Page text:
Man is an animal suspended in webs of significance that he himself has spun...

Wednesday, January 14, 2015

Human Rights and Taxation

Good link was posted up on Allison Christian's blog (Tax, Society and Culture) today:   Report of the Special Rapporteur on Extreme Poverty and Human Rights.  Twenty or so pages about tax systems, tax evasion, and international cooperation on fiscal matters and she tries to demonstrate how these things are also human rights issues.  An interesting read.

I was very pleased to see that she adressed one issue that is close to my heart:  transparency and representation in the making of tax policy.  Here is what Ms. Magdalena Sepulveda Carmona has to say:
"22. Decision-making processes regarding tax and public revenues must therefore be based on full transparency and the broadest possible national dialogue, with effective and meaningful participation of civil society and those who will be directly affected by such policies, including people living in poverty. Fiscal policies should be subjected to the scrutiny of the population during design, implementation and evaluation stages, with the various interests transparently identified. This will require capacity-building and fostering fiscal literacy in the population. The population should have access to all relevant information in an accessible and understandable format, and inclusive mechanisms should be put in place to ensure that they are actively engaged in devising the most appropriate policy options. Owing to the asymmetries of power, expertise and interests in this debate, specific measures should be taken to ensure equal access and opportunities to participate, particularly for people living in poverty."
Not only is this true on a national level (the US, for example) but it is triply true on the international level.  I know from hard experience that when such things are discussed in international forums like the OECD, or in regional ones like the European Parliament, it is a fairly limited circle:  banks and other financial institutions, academics, and representatives of national tax authorities.  Yes, there were also reps from human rights groups committed to tax justice, but did adding them to the group of well-dressed bankers and bureaucrats who flew in from different countries mean that all the stakeholders in such policy were represented?  Of course not.    Way down at the end of the line - far from the exalted forums where such policy was debated and decided - are human beings who must bear the brunt of any unintended consequences.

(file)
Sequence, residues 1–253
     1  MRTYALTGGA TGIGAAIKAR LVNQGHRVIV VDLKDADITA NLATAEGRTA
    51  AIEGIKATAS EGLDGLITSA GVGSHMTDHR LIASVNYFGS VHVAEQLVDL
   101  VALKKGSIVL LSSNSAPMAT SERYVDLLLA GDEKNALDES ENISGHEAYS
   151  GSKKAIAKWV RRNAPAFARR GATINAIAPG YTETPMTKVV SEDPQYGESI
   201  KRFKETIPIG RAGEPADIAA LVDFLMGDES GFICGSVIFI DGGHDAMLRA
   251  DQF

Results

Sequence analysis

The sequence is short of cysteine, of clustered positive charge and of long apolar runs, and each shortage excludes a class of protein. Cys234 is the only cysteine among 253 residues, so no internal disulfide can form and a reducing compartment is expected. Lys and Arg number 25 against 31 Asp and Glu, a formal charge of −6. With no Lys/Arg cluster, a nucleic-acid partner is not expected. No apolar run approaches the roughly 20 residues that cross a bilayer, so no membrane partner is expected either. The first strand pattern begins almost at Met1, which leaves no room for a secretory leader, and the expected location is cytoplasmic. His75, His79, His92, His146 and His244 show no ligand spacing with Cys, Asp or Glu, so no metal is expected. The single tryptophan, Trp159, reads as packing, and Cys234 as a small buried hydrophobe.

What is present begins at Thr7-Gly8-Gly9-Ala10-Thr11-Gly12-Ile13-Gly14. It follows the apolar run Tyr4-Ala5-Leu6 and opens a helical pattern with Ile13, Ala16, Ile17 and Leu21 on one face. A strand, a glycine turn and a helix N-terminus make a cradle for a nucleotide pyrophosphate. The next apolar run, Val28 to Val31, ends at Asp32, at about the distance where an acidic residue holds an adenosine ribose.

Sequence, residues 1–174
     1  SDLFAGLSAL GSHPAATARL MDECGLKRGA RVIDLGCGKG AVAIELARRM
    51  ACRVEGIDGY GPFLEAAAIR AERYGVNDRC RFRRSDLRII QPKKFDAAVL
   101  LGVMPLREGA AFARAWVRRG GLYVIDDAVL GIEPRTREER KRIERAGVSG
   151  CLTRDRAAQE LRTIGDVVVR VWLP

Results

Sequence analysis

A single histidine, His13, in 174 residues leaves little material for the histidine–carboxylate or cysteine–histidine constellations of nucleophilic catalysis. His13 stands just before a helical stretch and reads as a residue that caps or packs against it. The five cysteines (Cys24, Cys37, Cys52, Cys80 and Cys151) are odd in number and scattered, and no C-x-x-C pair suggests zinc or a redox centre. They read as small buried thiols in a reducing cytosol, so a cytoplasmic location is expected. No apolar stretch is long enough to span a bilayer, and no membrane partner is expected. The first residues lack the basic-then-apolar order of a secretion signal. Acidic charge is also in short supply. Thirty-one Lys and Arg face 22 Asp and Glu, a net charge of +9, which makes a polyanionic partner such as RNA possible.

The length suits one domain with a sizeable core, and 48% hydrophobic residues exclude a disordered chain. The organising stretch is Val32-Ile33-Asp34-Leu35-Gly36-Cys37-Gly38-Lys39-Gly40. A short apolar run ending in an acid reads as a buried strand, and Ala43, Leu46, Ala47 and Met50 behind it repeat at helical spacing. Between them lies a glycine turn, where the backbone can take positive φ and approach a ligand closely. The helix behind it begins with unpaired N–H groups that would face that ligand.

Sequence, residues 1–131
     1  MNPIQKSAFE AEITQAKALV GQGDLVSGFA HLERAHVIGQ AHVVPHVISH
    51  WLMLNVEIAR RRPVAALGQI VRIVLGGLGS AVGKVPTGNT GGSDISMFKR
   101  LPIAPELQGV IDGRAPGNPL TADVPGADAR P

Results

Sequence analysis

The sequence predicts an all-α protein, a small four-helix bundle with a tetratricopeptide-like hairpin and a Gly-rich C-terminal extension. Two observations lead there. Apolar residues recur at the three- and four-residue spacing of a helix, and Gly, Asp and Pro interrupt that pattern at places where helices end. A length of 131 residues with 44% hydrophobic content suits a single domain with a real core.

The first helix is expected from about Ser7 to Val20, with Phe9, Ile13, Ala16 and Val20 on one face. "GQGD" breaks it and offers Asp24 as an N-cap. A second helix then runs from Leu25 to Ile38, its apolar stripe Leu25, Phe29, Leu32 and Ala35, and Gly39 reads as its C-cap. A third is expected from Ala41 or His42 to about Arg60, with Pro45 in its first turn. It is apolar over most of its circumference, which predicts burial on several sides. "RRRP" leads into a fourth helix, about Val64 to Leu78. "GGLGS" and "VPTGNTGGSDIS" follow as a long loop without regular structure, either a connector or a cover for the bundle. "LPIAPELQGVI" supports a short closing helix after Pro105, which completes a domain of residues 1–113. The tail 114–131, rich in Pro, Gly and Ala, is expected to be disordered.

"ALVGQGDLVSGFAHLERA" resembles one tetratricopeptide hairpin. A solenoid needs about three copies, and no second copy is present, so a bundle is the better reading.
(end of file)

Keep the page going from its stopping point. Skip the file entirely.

One of the most glaring omissions in the debates about international taxation and information exchange is the impact all this will have on global mobility.  And I'm not talking here about the global rich - I am talking about migrants whether they are engineers, teachers or musicians or those who drive taxis or work in restaurants.   These are the people who have to sign the forms that come from the local or home country banks or who see their access to financial services (like basic bank accounts) limited or denied.  In the worst case these migrants could end up caught between the taxation systems of the host country where they live and work and that of the home country which has different and sometimes conflicting requirements.

I think we will see more of this as financial information begins to flow between countries of immigration and emigration.  The taxation of French living abroad has been proposed and will surely be proposed again as the French state looks for more sources of revenue.  Developing countries surely have an interest in doing this as well - a migrant from such a country may not be particularly well-paid according to the standards of his host country but what he earns may represent a great deal of money to people back in his home country. Should such people be taxed by their home countries? Should an immigrant taxi driver in New York be required to contribute something to his home country above and beyond what  voluntary remittances he may already be sending back?  Should a visiting university professor in Europe be required to pay some portion of his income back to his country of citizenship?

These are serious questions that are at the intersection of international migration and international tax/information exchange policy.  On one side are millions of people on the move, the vast majority who are not rich.  On the other are high-level regional and international forums where migrants have no voice and where policy is made pretty much by stealth.

The ability to leave one's home country is enshrined in international human rights law. If global mobility is made more difficult (or even impossible for some) because of conflicts between home and host country tax policies, or where tax policies might be used to discourage people from emigrating, are these not human rights issues?

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